Natural gas pipelines and power plants and solar and wind power projects will drive energy-related construction in 2019. Power projects are expected to increase between 3% and 8% over 2018, exceeding overall expected construction growth of between 2% to 5%, according to a Dec. 12 construction outlook presentation by Ken Simonson, chief economist of the Associated General Contractors of America.
Other forecasts reflect a similar view. The U.S. Energy Information Administration, in its December Short-Term Energy Outlook, forecasts that utility-scale electricity generation from natural gas-fired power plants will continue to increase while other sources of generation will remain relatively flat.
The Gulf Coast Energy Outlook, produced by Louisiana State University, forecasts a flat outlook for petrochemical growth along the Gulf Coast in in 2019 because of a slow-down in Asian demand, increased interest rates and continued trade policy uncertainties. “Outstanding capital investment announcements… may be pushed out in time owing to a number of changes in the global economy and recent political uncertainties,” according to the outlook. The outlook expects a huge upswing in 2020, however.
Here are what some other experts are saying about what they expect in the energy sector in the coming year:
“Energy construction will continue to grow, impacted by both positive and negative forces. On the plus side, we expect renewable resources to be ever more prevalent and affordable and anticipate a rise in private ownership of distributed energy resources as customers become more informed and connected to their energy supply. On the flip side, natural and cyber hazards will increase the focus on energy recovery after disasters, pre-planning for vegetation management, heat resistant infrastructure and early warning systems.”
—Annika Moman , senior vice president of energy for AECOM.
“A new industrial revolution of distributed generation, renewable energy, grid modernization, changing power generation assets, and new approaches to capital will require new strategies by utilities and commercial and industrial consumers. With those organizations, heavily reliant upon energy and construction solutions, we see stakeholders employing rapid adoption of technology, including monitoring and diagnostics; more aggressive risk management and decision-making approaches; and a changing workforce that can manage the disruption.”
—Greg Brown, senior vice president, director of business development for power for Black & Veatch
“Ideally, the United States will enact a version of the Energy and Natural Resources Act sponsored by Sen. Lisa Murkowski (R-Alaska) and we will take a comprehensive approach regarding energy for the first time in decades. Absent that or in parallel with that many states, large customers, and utilities are likely to continue to independently support advancement of clean sources of generation and clean vehicles. Both producers and consumers of energy are likely to see competitive pricing and become increasingly more comfortable with evolving technologies. This will require an exciting and new approach toward how we plan, build, operate, measure, and communicate across an electrical system that was originally built for something completely different.”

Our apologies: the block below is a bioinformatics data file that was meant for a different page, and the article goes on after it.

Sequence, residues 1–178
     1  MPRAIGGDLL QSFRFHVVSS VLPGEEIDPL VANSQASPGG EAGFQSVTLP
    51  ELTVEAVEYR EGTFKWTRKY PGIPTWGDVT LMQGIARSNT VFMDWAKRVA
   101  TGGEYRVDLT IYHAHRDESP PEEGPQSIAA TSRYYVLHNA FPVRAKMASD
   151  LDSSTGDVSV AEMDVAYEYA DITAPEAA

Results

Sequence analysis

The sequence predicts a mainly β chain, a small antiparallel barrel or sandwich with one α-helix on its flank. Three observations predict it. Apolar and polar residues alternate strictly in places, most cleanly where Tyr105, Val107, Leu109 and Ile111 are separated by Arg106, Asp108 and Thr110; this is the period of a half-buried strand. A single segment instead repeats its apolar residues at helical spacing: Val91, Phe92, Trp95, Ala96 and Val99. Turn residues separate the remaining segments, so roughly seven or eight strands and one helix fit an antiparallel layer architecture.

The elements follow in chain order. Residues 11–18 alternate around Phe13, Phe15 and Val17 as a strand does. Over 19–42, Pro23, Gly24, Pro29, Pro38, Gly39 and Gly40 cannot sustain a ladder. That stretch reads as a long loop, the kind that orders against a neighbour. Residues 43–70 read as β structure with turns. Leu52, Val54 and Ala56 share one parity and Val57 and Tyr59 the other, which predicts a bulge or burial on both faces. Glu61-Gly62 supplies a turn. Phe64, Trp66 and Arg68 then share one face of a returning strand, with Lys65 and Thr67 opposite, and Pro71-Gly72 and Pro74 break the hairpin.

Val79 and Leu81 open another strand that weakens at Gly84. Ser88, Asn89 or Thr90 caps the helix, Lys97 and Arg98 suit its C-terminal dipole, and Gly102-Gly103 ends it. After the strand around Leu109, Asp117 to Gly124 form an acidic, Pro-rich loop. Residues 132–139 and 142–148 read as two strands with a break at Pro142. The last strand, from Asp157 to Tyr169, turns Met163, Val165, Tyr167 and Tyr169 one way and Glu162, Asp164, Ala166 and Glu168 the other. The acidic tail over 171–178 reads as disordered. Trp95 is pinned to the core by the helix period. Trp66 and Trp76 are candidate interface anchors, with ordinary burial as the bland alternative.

—John Olander, president of Burns and McDonnell’s transmission and distribution practice.
“In 2019 and 2020, an unprecedented level of wind installations has the potential to create supply chain constraints, especially in regard to labor, materials, equipment and logistics. In addition, the challenge of increasing tariffs will continue to present price uncertainty for the renewable energy industry. EPC contractors are working diligently on resource strategies in order to mitigate potential impacts and help customers meet ambitious [production tax credit] goals.”
—Tim Maag, vice president and general manager of wind at Mortenson
“Expect 2019 to bring the onset of major reform to regulatory rate making at the state and federal level aimed at strengthening the financial health of clean power generators and stimulating further investments in a resilient electric power grid. Because of the dramatic acceleration in the use of new technologies for power generation and delivery, existing rate-making policies no longer support the economic and societal goals required to sustainably satisfy stakeholders.”
—Jim Mayer, president of TRC
MARK YOUR CALENDARS Engineering News-Record will host a webinar on the 2019 Energy Construction Outlook at 2 p.m. eastern on Feb. 13. Keep an eye open for registration information.